Meaning of “heavy” in the English Dictionary

"heavy" in English

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uk /ˈhev.i/ us /ˈhev.i/

heavy adjective (WEIGHING A LOT)

A2 weighing a lot, and needing effort to move or lift:

heavy equipment
heavy work/lifting
How heavy is that box? (= How much does it weigh?)

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heavy adjective (TO A GREAT DEGREE)

B1 (especially of something unpleasant) of very or especially great force, amount, or degree:

a heavy blow to the head
heavy fighting
heavy traffic
heavy rain/snow
a heavy smoker/drinker
a heavy sleeper
heavy seas

sea that is rough with large waves

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heavy adjective (UNPLEASANT)

old-fashioned slang used to describe something such as a situation that is dangerous or unpleasant:

Then the police arrived and things got really heavy.

heavynoun [ C ]

uk /ˈhev.i/ us /ˈhev.i/ slang

(Definition of “heavy” from the Cambridge Advanced Learner’s Dictionary & Thesaurus © Cambridge University Press)

"heavy" in American English

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heavyadjective [ -er/-est only ]

us /ˈhev·i/

heavy adjective [ -er/-est only ] (WEIGHING A LOT)

weighing a lot:

The piano’s much too heavy for one person to lift.
Bob’s much heavier than the last time I saw him.

heavy adjective [ -er/-est only ] (SOLID)

thick, strong, solid, or looking that way:

heavy clouds
heavy cream
It’s too hot today for a heavy meal (= a large, cooked meal that is hard to digest).

heavy adjective [ -er/-est only ] (GREAT DEGREE)

of great amount, or degree, or force:

heavy snow/rain/fog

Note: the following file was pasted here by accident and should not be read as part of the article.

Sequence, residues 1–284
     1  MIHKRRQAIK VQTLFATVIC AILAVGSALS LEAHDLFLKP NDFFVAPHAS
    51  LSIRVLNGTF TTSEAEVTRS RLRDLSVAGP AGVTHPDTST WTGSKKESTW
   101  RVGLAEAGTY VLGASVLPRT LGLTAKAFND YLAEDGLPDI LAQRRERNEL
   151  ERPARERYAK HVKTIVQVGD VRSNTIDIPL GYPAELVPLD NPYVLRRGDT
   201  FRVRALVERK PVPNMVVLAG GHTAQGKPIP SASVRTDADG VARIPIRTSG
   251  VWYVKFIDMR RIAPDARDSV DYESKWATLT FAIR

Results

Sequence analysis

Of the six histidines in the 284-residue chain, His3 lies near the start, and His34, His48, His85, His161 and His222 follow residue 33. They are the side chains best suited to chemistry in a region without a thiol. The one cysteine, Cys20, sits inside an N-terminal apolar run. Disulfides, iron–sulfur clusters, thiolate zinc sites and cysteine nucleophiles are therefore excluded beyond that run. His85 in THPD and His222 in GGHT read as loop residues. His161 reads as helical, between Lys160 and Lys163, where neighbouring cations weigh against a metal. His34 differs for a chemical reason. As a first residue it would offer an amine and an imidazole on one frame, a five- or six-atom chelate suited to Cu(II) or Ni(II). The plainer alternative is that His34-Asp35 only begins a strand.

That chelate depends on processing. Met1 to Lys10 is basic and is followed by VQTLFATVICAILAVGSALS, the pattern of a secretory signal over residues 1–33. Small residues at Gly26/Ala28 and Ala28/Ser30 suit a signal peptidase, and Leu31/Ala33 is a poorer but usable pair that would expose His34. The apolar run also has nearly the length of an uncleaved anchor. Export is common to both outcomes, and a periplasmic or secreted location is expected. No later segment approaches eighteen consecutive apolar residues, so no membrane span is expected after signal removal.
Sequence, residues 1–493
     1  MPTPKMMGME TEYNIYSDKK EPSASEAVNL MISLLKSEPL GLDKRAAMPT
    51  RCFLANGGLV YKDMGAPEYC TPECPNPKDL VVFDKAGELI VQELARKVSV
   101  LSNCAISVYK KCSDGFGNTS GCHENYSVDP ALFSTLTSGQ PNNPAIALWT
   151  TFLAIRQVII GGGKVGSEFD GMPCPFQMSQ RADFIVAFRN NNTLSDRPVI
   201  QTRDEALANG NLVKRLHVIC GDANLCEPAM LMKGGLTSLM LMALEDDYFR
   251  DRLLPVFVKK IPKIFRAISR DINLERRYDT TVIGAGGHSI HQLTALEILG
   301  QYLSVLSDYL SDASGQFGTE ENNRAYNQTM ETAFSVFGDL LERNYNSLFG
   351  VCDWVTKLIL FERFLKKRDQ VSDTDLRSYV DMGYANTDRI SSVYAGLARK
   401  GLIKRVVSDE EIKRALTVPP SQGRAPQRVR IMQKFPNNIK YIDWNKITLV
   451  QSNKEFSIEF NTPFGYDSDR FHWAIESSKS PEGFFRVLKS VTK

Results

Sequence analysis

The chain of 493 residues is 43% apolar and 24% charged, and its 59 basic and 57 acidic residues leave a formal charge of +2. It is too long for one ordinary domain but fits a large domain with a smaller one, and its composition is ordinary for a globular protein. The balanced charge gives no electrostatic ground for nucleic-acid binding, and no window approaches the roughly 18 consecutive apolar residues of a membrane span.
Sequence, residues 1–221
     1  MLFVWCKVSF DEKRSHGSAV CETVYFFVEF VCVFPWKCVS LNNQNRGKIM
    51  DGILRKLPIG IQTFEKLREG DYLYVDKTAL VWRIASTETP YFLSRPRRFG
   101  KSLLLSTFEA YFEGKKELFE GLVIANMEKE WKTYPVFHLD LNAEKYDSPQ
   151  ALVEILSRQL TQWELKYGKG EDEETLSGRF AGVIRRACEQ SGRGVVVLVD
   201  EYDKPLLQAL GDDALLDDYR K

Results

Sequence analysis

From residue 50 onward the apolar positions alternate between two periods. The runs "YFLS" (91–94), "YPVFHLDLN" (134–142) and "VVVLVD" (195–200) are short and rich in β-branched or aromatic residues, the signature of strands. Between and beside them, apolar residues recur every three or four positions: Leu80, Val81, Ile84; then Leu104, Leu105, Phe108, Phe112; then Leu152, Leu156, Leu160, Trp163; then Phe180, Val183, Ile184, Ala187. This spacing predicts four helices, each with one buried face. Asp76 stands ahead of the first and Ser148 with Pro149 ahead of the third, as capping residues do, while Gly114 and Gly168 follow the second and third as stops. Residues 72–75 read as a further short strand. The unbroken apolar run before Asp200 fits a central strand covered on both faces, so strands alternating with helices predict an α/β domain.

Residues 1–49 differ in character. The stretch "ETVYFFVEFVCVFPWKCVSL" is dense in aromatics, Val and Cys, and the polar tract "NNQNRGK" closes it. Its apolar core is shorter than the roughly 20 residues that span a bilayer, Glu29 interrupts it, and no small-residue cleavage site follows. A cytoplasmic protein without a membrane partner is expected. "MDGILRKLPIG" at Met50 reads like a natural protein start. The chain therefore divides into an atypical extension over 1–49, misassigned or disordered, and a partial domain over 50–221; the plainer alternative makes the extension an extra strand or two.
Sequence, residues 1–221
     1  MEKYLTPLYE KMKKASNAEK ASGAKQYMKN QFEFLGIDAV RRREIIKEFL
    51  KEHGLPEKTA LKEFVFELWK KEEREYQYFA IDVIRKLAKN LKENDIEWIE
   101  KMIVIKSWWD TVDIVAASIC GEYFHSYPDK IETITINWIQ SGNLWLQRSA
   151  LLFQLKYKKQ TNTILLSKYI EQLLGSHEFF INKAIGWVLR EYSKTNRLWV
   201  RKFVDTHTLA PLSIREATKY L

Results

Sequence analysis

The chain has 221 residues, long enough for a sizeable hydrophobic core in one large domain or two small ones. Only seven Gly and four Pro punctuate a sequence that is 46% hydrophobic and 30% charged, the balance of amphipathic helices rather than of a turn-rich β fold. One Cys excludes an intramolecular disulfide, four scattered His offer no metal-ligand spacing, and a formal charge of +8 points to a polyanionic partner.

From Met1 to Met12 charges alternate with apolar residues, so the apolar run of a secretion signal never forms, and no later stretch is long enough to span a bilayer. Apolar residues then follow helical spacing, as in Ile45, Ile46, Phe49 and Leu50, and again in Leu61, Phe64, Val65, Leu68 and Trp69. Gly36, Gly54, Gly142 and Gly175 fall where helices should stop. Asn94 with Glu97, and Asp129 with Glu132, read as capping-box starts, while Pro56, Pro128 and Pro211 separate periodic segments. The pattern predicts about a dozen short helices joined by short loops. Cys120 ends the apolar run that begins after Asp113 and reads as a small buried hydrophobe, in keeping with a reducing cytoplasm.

heavy traffic
a heavy workload
a heavy sleeper
heavy fighting

(Definition of “heavy” from the Cambridge Academic Content Dictionary © Cambridge University Press)

"heavy" in Business English

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uk /ˈhevi/ us

larger in number or amount than usual:

heavy taxes/fines/subsidies Those found to be violating the law could face heavy fines.
Salaries and bonuses of directors have been cut by a third after heavy criticism of 'fat-cat' payments.
There are worries that the dollar will come under heavy pressure later in the year.
a heavy burden/debt/loss

involving a lot of work and effort:

heavy on sth

having a lot of something:

Some faculty members have criticized the board as too heavy on business people and too light on educational experience.
pay a heavy price (for sth)

to be in a very difficult situation because of a mistake or bad decision that has been made:

If we reject the deal, we will pay a heavy price in terms of trade, jobs, and investment.

(Definition of “heavy” from the Cambridge Business English Dictionary © Cambridge University Press)